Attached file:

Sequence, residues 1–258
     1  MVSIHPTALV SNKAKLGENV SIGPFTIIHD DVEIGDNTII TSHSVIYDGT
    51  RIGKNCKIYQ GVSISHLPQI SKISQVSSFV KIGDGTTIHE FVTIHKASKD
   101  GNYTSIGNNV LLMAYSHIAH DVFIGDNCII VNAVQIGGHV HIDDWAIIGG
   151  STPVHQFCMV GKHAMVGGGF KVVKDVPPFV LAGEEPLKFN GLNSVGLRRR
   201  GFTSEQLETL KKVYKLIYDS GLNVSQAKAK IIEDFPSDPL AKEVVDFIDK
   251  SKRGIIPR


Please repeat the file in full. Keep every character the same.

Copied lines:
Sequence, residues 1–258
     1  MVSIHPTALV SNKAKLGENV SIGPFTIIHD DVEIGDNTII TSHSVIYDGT
    51  RIGKNCKIYQ GVSISHLPQI SKISQVSSFV KIGDGTTIHE FVTIHKASKD
   101  GNYTSIGNNV LLMAYSHIAH DVFIGDNCII VNAVQIGGHV HIDDWAIIGG
   151  STPVHQFCMV GKHAMVGGGF KVVKDVPPFV LAGEEPLKFN GLNSVGLRRR
   201  GFTSEQLETL KKVYKLIYDS GLNVSQAKAK IIEDFPSDPL AKEVVDFIDK
   251  SKRGIIPR